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NOVO NORDISK A/S v. BECTON DICKINSON AND COMPANY

May 8, 2000

NOVO NORDISK A/S, NOVO NORDISK OF NORTH AMERICA, INC. AND NOVO NORDISK PHARMACEUTICALS INC., PLAINTIFFS,
V.
BECTON DICKINSON AND COMPANY, DEFENDANT.



The opinion of the court was delivered by: Jones, Judge

OPINION and ORDER

Defendant Becton Dickinson has moved for summary judgment on four issues arguing: (1) that the `535 patent, `323 patent, and the `906 patent are invalid as anticipated under 35 U.S.C. § 102(b) in view of a June 1991 issue of Novo Nordisk's informational brochure, Medview, containing an article by Lene Lytzen; (2) that all claims of the `323 patent and claims 11-14 of the `906 patent are invalid as anticipated under 35 U.S.C. § 102(b) in view of a May 1993 advertising brochure for Novo's NovoFine G30 pen needle product; (3) that Becton's G31. insulin pen syringe needle products do not infringe the `906 patent; and (4) that if Becton is found to have infringed on Novo's 906 patent, no damages have accrued due to Novo's failure to put Becton on notice of the infringement.*fn1

I.

A patent is presumed to be valid, see 35 U.S.C. § 282, and this presumption only can be overcome by clear and convincing evidence to the contrary. See, e.g., WMS Gaming Inc. v. International Game Tech., 184 F.3d 1339, 1355 (Fed. Cir. 1999). To be entitled to summary judgment, therefore, Becton has to establish that there are no material facts in dispute.

II.

A. Lytzen Article as Prior Art

Becton urges this Court to rule that Novo made a binding admission that the Lytzen article was a printed publication when it requested reexamination of the `535 patent. The Court rejects this conclusion as unfair to Novo and in any event, as without support.

It is recognized that positions are often taken during patent prosecutions out of convenience and expedience, and therefore such positions should not be given conclusive effect. See, e.g., Quad Envtl. Tech. v. Union Sanitary Dist., 946 F.2d 870, 873 (Fed. Cir. 1991) (refusing to treat the filing of a terminal disclaimer over a double patenting as an admission that the double patenting reference was invalidating).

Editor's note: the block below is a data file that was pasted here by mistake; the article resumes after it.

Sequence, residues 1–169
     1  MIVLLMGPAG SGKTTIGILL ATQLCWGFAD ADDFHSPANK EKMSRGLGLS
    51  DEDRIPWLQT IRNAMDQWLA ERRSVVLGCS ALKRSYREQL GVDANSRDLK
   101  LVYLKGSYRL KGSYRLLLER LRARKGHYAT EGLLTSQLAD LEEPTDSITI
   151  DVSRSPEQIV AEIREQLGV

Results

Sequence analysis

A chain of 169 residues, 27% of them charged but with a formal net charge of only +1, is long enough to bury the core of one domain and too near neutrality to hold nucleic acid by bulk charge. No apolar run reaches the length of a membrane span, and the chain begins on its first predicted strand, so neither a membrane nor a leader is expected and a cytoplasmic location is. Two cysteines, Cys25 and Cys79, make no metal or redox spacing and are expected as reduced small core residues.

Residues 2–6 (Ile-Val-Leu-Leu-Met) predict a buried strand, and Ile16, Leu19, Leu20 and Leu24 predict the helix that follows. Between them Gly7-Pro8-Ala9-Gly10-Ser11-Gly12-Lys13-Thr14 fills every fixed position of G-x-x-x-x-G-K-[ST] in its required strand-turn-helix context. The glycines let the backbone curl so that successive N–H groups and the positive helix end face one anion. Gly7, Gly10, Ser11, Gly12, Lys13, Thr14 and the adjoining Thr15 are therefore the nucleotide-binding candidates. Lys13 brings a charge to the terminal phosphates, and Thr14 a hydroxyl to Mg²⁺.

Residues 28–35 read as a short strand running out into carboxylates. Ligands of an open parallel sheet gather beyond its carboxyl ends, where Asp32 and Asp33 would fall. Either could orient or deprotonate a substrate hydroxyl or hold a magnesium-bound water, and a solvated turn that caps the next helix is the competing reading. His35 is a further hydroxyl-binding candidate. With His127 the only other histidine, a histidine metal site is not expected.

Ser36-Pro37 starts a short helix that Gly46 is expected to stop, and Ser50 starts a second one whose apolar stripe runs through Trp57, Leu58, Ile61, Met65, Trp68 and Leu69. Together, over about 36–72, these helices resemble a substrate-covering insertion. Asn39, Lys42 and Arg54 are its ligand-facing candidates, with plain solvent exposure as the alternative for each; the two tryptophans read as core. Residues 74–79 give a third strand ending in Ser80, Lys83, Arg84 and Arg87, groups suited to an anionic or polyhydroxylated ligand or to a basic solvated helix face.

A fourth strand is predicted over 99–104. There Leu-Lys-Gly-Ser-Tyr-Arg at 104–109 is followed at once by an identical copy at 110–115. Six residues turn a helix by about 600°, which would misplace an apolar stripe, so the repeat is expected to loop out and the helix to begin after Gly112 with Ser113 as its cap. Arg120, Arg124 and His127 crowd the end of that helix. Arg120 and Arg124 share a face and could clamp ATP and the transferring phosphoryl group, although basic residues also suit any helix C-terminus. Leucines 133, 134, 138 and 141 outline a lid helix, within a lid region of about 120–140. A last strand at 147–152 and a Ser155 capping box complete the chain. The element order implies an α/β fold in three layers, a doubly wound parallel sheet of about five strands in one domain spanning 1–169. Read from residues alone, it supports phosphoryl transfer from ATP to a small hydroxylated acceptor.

Becton concedes that Novo submitted Lytzen to the Patent Office during the reexamination with the express proviso that "[t]he Patent Owner admits, for purposes of this reexamination proceeding only, that Lytzen is prior art under 35 U.S.C. § 102(b)." (emphasis added) The Patent Office conducted the reexamination on Nova's conditional representation that it was a publication for purposes of the reexamination proceeding and concluded that Lytzen was "not material to the patentability of the [`535 patent]" and created "no substantial new question of patentability."

Under the circumstances, Becton's various arguments regarding the reexamination proceeding are meritless. First, under the Manual of Patent Examining Procedure ("MPEP"), if the Patent Office had found Nova's conditional admission concerning the Lytzen article to be improper, it would have been obligated to inform Nova and return the citation papers and refuse to conduct the reexamination.

Second, since the Patent Office did not find the procedure improper, Becton's contention that conducting a reexamination proceeding based an a conditional admission constitutes an impermissible "advisory" opinion by the Patent Office and/or an impermissible expenditure of government funds is without merit.

Third, Becton's argument that citation of the Lytzen article during the prosecution of the `323 and `906 patents constitutes an admission that Lytzen is a prior art publication is incorrect. In Standard Manufacturing Company v. United States, 25 Cl. Ct. 1, 61 (1991), the United States Claims Court rejected such an argument holding:

The Patent & Trademark Office clearly recognize[s] that an applicant may choose to furnish material information in an Information Disclosure Statement which does not necessarily depict prior art. The Court, therefore, finds that Standard's disclosure of the document in question in the required disclosure statement should not be considered an acknowledgment, declaration, concession or any kind of recognition of the fact that the disclosed publication is prior art.

Id. at 61-62. Moreover, 37 C.F.R. § 1.97 (h) provides that "[t]he filing of an information disclosure statement shall not be construed to be an admission that the information cited in the statement is, or is considered to be, material to patentability. . . ."